The data presented here may have physiological implications. Previous studies have shown that CCK-1 receptor antagonists can prevent the peripheral leptin-induced inhibition of food intake (10) and the stimulation of pancreatic exocrine secretions (11), which suggests that CCK is involved. However, whether leptin modulates the release of CCK is unknown. Our findings that duodenal leptin increases the amount of CCK released provide a basis for the explanation of these CCK-dependent effects of leptin. Whereas these data support a model in which meal-induced leptin release into duodenal fluid contributes to prandial CCK release, the contribution of this effect, relative to that of known CCK secretagogues (e.g., ingested nutrients), remains unknown and requires additional study. Conversely, the presence of leptin circulating in the duodenum, which also contains hepato-biliary secretions, could be important for the elimination of biliary cholesterol by regulating the enterohepatic circulation of bile salts, as recently reported (31).

The release of CCK by leptin presumably generates a positive feedback loop, because, as we have previously reported, CCK stimulates the release of gastric leptin (12). This is likely because the blockade of CCK receptors completely prevents the decrease in stomach leptin content as well as the rise in plasma insulin concentrations in response to a meal. These effects are associated with trends toward increased food intake, suggesting that during normal digestion, this positive feedback loop may be operational in the reduction of food intake. These data also support the concept of an entero-insular axis, in which CCK may regulate postprandial insulin concentrations (32,33). They do not, however, exclude the involvement of other regulatory peptides in meal-induced insulin release.

In summary, this study demonstrates that leptin, via a lumenal mode of action, increases plasma CCK concentration through the leptin receptor probably linked to MAPK-dependent pathways. It supports a novel mode of action of leptin where, in physiological conditions, leptin and CCK may potentiate their own actions by cross-stimulating their secretion. The impairment of this leptin-CCK loop may have pathological implications related to obesity and diabetes.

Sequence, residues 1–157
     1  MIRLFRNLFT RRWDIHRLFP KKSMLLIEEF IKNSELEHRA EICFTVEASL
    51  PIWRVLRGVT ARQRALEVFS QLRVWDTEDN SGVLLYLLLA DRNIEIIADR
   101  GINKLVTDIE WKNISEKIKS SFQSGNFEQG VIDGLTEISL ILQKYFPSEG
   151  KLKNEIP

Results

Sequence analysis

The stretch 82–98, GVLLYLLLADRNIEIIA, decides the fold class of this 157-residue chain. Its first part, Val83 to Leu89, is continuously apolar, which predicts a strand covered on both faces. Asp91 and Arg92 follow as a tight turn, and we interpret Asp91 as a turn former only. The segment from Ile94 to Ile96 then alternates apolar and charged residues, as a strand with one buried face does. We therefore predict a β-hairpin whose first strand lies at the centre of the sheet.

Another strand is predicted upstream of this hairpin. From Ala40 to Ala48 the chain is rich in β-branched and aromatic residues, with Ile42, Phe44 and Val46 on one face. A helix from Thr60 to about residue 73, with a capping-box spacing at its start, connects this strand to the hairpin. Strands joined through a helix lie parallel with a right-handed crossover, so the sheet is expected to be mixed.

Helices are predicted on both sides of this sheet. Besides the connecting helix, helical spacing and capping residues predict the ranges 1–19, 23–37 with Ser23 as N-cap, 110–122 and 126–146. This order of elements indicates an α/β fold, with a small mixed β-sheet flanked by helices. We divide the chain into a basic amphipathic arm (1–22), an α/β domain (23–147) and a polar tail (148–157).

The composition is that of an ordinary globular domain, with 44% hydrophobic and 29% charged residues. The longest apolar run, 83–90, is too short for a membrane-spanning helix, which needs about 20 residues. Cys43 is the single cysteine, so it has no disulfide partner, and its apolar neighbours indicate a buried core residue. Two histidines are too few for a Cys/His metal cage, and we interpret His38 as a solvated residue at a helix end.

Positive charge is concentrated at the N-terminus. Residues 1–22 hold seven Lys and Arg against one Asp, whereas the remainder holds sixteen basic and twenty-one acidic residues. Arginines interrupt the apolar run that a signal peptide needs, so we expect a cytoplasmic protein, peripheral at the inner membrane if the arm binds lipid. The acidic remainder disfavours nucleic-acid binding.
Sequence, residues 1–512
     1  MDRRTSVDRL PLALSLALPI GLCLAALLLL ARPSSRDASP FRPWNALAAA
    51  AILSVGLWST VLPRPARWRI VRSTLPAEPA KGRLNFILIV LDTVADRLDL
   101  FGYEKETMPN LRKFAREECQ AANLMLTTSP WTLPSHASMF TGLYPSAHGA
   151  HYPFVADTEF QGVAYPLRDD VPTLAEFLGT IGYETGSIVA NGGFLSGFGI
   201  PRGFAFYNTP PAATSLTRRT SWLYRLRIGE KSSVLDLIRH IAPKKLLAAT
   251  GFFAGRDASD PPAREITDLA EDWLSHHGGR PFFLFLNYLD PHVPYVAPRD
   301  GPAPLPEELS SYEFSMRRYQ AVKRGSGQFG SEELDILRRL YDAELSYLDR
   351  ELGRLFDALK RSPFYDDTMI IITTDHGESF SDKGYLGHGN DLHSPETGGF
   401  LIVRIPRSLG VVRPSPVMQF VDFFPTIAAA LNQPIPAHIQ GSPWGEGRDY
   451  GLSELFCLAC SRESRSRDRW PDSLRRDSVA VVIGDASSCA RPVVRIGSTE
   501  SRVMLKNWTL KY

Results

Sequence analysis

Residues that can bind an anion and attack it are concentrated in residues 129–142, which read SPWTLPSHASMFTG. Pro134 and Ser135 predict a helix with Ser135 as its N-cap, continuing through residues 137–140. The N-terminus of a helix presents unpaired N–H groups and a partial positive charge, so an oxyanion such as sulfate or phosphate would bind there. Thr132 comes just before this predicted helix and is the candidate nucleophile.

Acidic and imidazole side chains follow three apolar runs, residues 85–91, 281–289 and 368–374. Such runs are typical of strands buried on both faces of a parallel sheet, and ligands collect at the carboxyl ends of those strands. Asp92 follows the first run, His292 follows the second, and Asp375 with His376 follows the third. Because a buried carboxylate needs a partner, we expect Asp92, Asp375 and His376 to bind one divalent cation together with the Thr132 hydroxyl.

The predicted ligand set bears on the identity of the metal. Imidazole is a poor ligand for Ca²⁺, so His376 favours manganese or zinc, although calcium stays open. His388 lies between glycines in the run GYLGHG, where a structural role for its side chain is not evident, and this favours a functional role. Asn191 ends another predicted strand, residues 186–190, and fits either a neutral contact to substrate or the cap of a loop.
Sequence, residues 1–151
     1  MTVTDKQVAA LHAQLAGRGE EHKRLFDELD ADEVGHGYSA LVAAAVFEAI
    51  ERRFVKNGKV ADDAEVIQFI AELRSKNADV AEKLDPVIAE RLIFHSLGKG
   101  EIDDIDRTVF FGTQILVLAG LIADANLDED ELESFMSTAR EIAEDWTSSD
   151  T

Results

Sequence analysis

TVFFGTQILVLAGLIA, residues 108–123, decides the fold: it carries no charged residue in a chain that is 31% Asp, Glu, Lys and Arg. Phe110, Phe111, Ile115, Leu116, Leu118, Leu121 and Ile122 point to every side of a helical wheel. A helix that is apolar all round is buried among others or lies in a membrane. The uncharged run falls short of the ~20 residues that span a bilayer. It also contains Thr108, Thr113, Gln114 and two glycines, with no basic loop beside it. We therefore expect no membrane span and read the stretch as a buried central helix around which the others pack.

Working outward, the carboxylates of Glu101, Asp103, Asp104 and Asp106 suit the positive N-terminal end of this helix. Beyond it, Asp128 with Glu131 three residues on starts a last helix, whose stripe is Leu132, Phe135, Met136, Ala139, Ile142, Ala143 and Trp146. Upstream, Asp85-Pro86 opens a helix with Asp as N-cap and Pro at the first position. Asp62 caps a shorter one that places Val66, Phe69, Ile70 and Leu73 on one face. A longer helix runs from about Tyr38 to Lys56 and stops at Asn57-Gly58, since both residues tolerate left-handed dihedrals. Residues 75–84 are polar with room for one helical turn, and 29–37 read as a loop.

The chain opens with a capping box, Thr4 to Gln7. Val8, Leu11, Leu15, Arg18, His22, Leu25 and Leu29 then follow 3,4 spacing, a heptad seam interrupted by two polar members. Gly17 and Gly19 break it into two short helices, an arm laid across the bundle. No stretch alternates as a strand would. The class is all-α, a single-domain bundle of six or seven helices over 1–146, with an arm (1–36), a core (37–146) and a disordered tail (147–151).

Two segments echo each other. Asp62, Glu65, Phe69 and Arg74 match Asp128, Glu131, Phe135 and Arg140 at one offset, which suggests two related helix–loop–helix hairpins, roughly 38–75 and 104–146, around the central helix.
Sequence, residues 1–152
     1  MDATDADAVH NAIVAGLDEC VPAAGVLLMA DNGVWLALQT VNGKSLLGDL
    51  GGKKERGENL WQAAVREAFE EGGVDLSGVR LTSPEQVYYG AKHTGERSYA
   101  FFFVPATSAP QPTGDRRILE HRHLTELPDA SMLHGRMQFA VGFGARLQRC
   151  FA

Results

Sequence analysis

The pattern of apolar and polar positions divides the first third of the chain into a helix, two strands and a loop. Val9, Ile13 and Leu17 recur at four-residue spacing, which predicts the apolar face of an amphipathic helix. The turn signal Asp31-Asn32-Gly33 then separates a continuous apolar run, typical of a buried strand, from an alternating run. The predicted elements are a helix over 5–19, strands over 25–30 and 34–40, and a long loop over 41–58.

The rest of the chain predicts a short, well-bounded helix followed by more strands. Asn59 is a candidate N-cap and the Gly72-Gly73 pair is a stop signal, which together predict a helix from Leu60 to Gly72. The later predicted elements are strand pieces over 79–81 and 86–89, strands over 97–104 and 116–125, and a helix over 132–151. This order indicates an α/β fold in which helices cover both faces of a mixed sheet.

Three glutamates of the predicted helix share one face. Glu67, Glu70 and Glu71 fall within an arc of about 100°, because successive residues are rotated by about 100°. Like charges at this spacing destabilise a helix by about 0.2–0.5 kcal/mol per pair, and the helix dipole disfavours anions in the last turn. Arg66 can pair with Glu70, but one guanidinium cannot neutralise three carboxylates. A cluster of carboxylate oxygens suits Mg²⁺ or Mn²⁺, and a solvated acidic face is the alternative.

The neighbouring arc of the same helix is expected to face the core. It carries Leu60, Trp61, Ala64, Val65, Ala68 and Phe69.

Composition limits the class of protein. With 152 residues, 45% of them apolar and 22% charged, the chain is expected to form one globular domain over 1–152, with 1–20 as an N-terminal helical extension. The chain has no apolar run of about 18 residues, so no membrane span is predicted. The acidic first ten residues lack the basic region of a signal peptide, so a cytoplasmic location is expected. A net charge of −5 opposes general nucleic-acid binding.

FIG. 1.

A: Expression of leptin receptors on STC-1 cells. Total RNA extracted from STC-1 cells was assayed for Ob-Rb by RT-PCR as described in research design and methods. Agarose gel electrophoresis of PCR products was generated with primers specific for the long isoform (Ob-Rb) of the leptin receptor gene. Lane 1: marker DNA ladder; lane 2: STC-1 cells; lane 3: negative control in which the reverse transcriptase was omitted; lane 4: β-actin. The expected sizes of the PCR products were 375 bp for Ob-Rb and 606 bp for β-actin (arrows). B: Western blot analysis of STC-1 cell extracts at passage 15 (lane 1), 25 (lane 2), and 35 (lane 3), with a specific anti–Ob-Rb antibody (OBR 12-A). A representative immunoblot is shown for the leptin receptor, showing two IR proteins, 130 and 170 kDa in size. Note that the amount of leptin receptor protein did not change from passage 15–35. C and D: STC-1 cells were fixed in 4% paraformaldehyde. Immunostaining of leptin receptors was performed with two different rabbit polyclonal antibodies: TP 283 (C), which recognizes all Ob-R isoforms, and OBR 12-A (D), an antiserum specific for the Ob-Rb isoform. Arrows indicate strong signals on STC-1 cell membranes.

FIG. 1.

A: Expression of leptin receptors on STC-1 cells. Total RNA extracted from STC-1 cells was assayed for Ob-Rb by RT-PCR as described in research design and methods. Agarose gel electrophoresis of PCR products was generated with primers specific for the long isoform (Ob-Rb) of the leptin receptor gene. Lane 1: marker DNA ladder; lane 2: STC-1 cells; lane 3: negative control in which the reverse transcriptase was omitted; lane 4: β-actin. The expected sizes of the PCR products were 375 bp for Ob-Rb and 606 bp for β-actin (arrows). B: Western blot analysis of STC-1 cell extracts at passage 15 (lane 1), 25 (lane 2), and 35 (lane 3), with a specific anti–Ob-Rb antibody (OBR 12-A). A representative immunoblot is shown for the leptin receptor, showing two IR proteins, 130 and 170 kDa in size. Note that the amount of leptin receptor protein did not change from passage 15–35. C and D: STC-1 cells were fixed in 4% paraformaldehyde. Immunostaining of leptin receptors was performed with two different rabbit polyclonal antibodies: TP 283 (C), which recognizes all Ob-R isoforms, and OBR 12-A (D), an antiserum specific for the Ob-Rb isoform. Arrows indicate strong signals on STC-1 cell membranes.